Justification of Red List Category
Although this species is moderately susceptible to stochastic events and human activities owing to its extremely small range, this is spread out over many small islets, so it qualifies as Near Threatened. Further data are required on its habitat requirements, population size and trends on each island, and movement between these subpopulations. Should the population size be smaller than currently thought, or declining, the species would warrant uplisting to a higher threat category.
The species is described as having a small population and is placed in the band 1,000-2,499 individuals.
There are no new data on population trends; however, the population is suspected to be stable.
Aplonis feadensis is an extreme small-island specialist, occurring on a number of tiny atolls in Papua New Guinea and Solomon Islands. It breeds on islands in the Ninigo (3 km2), Hermit (8 km2), Tench (less than 1 km2), Nissan (37 km2), Nguria (5 km2) and Ontong Java groups (10 km2). It is fairly common on these islands (Bayliss-Smith 1972, Bell 1975, Finch 1986, Coates 1990), with day-counts of c.30 birds on Tench and Nissan in 1998 (G. Dutson pers. obs. 1998) and 15 on Tench in 1999 (Hornbuckle 1999). There is no indication of changes in the population.
It is a largely frugivorous starling, usually foraging in pairs in the canopy, but also raiding gardens for bananas and other fruit (Bayliss-Smith 1972, Bell 1975, Finch 1986, Coates 1990, G. Dutson pers. obs. 1998). Its dependence on natural forest or tree species is not known. It nests in holes in old and damaged trees and coconut palms (Dutson 2011). Its dispersal abilities are not well-known beyond flying between islands within a group, but inter-island morphological variation suggests limited gene flow (Coates 1990).
It is threatened by natural causes such as cyclone damage and colonisation of its islands by Singing Starling A. cantoroides, exacerbated by ongoing habitat changes. It is generally assumed to be unable to compete with A. cantoroides (Bell 1975, Coates 1990), although it coexists with A. metallica on Nissan and apparently with A. cantoroides on some of the Ninigo islands; however, the latter situation may be unstable (Bell 1975, Coates 1990). All the islands except Nissan are tiny and have a high human population pressure on the remaining small and fragmented forested habitats. As well as clearance for agriculture, large areas have been cleared for coconut plantations. It is not known how tolerant it is to habitat change, but its dependence on holes for nesting may be a limiting factor. It is potentially at risk from climate change, as most of the islands it inhabits only rise a few metres above sea-level (G. Dutson in litt. 2004).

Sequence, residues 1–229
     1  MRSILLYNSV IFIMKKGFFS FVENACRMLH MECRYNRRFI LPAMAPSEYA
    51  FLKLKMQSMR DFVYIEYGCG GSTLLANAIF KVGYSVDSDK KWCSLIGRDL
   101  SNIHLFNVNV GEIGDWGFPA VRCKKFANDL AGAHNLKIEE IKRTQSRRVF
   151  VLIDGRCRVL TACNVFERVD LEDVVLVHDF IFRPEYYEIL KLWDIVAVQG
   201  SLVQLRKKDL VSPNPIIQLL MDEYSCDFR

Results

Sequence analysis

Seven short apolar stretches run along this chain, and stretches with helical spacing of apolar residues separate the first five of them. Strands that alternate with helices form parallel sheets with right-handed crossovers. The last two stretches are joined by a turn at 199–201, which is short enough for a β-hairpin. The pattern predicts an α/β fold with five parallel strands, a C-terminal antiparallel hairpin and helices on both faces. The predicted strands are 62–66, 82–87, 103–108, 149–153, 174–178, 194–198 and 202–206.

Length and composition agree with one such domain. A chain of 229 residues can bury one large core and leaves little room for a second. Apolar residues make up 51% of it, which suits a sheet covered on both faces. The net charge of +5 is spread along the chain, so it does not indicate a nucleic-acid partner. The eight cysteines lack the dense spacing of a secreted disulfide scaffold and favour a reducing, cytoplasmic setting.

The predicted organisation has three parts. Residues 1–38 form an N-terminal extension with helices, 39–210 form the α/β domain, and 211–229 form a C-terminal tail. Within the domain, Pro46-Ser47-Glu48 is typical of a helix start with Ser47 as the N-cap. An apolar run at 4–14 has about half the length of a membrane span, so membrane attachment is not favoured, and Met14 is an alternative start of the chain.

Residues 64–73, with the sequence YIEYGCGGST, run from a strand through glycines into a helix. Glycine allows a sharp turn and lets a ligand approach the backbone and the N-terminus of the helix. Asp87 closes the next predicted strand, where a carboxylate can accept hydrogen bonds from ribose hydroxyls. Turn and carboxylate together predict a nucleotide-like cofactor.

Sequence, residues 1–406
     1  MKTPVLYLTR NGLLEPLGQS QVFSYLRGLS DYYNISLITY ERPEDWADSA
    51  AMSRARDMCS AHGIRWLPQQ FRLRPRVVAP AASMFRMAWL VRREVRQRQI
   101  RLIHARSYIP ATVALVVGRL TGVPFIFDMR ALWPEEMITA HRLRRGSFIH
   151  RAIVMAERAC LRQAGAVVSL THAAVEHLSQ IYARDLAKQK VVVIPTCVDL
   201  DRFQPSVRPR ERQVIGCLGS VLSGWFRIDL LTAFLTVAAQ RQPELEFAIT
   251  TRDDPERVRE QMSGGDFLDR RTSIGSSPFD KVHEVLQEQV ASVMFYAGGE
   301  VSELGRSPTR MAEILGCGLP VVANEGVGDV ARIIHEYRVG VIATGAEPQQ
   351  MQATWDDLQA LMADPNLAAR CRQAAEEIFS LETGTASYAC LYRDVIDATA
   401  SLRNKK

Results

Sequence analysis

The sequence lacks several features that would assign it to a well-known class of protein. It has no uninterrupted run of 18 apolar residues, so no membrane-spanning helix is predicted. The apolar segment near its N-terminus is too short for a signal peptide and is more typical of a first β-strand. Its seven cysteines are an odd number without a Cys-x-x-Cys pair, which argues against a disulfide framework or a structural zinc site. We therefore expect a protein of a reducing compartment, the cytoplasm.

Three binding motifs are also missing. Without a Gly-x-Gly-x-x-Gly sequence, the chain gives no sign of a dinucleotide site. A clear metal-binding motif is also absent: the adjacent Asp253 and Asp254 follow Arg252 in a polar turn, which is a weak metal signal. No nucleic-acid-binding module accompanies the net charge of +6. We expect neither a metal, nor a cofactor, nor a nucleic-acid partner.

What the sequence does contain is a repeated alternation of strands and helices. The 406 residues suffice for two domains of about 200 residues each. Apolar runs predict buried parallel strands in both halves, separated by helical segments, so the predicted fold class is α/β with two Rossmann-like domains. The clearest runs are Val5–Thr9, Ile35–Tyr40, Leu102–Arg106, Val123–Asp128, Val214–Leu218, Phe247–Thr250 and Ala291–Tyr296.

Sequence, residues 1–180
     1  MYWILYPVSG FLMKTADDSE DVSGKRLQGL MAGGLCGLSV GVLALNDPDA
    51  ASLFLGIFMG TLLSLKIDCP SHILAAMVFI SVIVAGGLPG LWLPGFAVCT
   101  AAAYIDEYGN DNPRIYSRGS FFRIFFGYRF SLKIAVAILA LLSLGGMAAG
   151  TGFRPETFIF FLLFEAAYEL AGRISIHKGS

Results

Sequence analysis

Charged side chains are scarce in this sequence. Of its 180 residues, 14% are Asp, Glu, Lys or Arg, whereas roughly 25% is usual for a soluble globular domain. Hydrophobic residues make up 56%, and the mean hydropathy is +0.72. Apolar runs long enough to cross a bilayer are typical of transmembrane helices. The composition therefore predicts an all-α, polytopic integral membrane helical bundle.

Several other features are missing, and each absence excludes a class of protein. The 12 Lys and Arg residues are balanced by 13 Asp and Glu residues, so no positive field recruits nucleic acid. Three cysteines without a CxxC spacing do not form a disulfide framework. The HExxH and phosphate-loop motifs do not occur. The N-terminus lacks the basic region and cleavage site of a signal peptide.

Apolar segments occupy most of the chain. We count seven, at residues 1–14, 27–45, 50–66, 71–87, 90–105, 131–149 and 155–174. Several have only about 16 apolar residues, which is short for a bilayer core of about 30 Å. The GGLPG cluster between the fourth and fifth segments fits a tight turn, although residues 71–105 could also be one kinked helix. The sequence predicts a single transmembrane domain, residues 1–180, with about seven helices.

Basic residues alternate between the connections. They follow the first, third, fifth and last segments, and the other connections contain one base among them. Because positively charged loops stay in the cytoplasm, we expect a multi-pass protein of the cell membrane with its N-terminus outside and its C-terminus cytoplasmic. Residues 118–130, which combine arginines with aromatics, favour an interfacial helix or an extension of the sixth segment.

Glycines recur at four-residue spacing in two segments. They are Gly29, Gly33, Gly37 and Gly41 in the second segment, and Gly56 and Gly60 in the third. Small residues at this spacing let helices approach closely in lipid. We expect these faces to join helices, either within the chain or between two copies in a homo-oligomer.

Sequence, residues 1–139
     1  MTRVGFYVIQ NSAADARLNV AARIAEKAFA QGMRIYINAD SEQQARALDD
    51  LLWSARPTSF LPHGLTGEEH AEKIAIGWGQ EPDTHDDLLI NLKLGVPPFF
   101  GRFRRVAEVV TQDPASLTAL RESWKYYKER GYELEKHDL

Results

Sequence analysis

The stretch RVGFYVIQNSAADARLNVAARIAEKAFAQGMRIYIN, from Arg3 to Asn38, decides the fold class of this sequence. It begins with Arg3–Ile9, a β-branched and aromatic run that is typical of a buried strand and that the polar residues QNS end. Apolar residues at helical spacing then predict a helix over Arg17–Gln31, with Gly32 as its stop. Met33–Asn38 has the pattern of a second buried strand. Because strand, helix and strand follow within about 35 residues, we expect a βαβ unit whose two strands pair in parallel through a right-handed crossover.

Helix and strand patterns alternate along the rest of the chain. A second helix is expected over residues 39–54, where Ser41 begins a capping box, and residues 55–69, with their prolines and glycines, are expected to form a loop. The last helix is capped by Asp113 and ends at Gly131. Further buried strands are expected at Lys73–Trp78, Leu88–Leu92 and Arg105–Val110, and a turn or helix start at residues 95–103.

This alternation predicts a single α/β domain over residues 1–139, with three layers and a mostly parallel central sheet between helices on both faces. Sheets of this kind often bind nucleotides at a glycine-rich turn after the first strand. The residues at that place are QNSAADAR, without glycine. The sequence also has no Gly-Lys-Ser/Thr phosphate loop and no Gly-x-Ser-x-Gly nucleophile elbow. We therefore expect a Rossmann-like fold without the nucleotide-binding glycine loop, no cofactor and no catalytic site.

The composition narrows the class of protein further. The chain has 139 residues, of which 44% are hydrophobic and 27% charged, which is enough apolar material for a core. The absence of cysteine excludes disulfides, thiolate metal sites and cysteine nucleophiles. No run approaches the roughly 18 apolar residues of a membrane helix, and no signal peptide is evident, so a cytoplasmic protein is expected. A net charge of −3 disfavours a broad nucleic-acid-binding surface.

Conservation Actions Underway
None is known.
20 cm. Medium-sized, dumpy starling of tiny islands. Adult glossy black with yellow eyes. Immature has paler scales on underparts and duller eyes. Similar spp. Singing Starling A. cantoroides has red eyes and is more elongate, with longer tail and more pointed wings. Metallic Starling A. metallica has red eyes and is slimmer with much longer tail. Extralimital Rennell Starling A. insularis used to be considered conspecific but is structurally and vocally distinct. Voice Range of starling chatters and whistles. Hints Often encountered around gardens and forest edge. Occasionally seen in small flocks.
Text account compilers
Harding, M., Derhé, M., Mahood, S., Dutson, G., O'Brien, A., Stattersfield, A.
BirdLife International (2019) Species factsheet: Aplonis feadensis. Downloaded from http://www.birdlife.org on 23/04/2019. Recommended citation for factsheets for more than one species: BirdLife International (2019) IUCN Red List for birds. Downloaded from http://www.birdlife.org on 23/04/2019.